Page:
Postal deliveries cut

HADLEIGH postal deliveries are to drop down to one a day from November 3 with the loss of two jobs through natural wastage.The single delivery is part of a national shake-up and is the second one in Suffolk to be cut back following on from Southwold last week.

HADLEIGH postal deliveries are to drop down to one a day from November 3 with the loss of two jobs through natural wastage.

The single delivery is part of a national shake-up and is the second one in Suffolk to be cut back following on from Southwold last week. Deliveries in Saxmundham will be cut back to one a day from next week.

A spokesman for Royal Mail said first and second deliveries will be amalgamated into a single daily delivery usually by lunchtime at the latest.

"Most mail will be delivered well before this with deliveries starting from 7am, for some customers there will be little or no change to their current delivery times."


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There is a new free service, however, which means that customers wanting their mail early in the morning will be able to make a secure arrangement to collect it from the delivery office.

The spokesman added: "Second deliveries account for 20 per cent of Royal Mail's costs but represent just four per cent of the daily mailbag.

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"So it makes sense to combine first and second deliveries. The changes will help safeguard our six day a week universal service to all 27 million addresses in the UK."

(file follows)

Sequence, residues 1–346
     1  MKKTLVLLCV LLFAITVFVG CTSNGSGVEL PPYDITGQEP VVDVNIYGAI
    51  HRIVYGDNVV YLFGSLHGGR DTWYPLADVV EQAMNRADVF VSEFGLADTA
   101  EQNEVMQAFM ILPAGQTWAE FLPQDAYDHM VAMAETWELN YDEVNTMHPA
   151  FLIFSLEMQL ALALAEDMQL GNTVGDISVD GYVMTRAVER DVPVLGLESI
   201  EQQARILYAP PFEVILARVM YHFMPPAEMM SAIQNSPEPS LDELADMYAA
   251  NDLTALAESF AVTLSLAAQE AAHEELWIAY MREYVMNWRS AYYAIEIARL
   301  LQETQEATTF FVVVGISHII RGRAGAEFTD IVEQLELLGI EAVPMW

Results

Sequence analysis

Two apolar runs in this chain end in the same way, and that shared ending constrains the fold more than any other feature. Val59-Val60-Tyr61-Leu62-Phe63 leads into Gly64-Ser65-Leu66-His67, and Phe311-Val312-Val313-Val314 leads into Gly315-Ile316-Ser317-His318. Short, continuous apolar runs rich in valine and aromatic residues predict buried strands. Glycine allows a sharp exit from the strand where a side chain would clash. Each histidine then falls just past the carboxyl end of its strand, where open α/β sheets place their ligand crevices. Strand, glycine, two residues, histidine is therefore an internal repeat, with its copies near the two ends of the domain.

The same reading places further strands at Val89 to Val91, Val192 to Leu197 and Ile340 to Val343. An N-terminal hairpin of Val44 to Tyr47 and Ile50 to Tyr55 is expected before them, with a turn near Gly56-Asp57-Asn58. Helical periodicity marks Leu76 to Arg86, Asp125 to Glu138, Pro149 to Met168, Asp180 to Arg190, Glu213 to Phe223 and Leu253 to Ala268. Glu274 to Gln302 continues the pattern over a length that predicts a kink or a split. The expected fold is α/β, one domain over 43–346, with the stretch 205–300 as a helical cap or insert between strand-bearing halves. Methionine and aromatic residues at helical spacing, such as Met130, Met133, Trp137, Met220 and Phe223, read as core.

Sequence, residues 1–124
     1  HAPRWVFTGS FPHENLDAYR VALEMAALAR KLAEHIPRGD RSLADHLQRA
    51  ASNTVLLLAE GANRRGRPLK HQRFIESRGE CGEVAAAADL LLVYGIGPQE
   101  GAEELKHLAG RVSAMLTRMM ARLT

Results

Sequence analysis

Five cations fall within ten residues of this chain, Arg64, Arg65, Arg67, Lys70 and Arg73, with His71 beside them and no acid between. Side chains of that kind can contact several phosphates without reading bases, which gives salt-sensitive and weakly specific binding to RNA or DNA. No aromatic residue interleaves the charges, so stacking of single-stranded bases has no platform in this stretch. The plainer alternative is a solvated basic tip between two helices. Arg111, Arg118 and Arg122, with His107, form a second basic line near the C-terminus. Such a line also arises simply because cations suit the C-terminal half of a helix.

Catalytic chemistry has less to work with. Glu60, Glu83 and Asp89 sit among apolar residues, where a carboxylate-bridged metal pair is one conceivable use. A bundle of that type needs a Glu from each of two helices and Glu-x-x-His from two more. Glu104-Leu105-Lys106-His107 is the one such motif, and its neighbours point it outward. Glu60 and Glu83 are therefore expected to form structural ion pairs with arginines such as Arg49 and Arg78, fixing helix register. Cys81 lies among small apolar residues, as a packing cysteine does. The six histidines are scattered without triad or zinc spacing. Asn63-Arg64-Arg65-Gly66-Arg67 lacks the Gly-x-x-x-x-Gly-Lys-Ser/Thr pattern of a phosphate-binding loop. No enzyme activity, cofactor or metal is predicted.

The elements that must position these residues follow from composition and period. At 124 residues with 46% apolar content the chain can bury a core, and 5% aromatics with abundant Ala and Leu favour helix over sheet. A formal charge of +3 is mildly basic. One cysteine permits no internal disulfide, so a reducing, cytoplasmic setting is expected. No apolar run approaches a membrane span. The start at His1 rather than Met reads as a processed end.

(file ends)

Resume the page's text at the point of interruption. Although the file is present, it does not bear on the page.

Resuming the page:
He did not know dates of when other towns would be rolled in to the new on-a-day set up because they happened when the time was right at each office.

"Ipswich, like most other others, still has two deliveries and we don't know of when this will be altered," he added.

With the cuts to delivery comes cuts to job numbers but the spokesman said there will be no compulsory redundancies.

"Both Hadleigh positions are by natural wastage and the job that was cut in Southwold was a retirement," he added.

Royal Mail employs around 80,000 people in its delivery operation so the reduction of jobs through the introduction of single delivery is manageable.

"It is improving customer service and these local changes will also mean a bigger pay packet for every employee," the spokesman said.

Businesses in Hadleigh did not think the loss of the service would affect them very much as few of them received much in the second post anyway.

Martin Freeth, chairman of Hadleigh's chamber of commerce and owner of The Frame Store in the High Street, said: "Loss of the second delivery should not affect us but we will not really know until the service is gone. Businesses will adjust sooner of later, or find another way of sending their mail through email or couriers."

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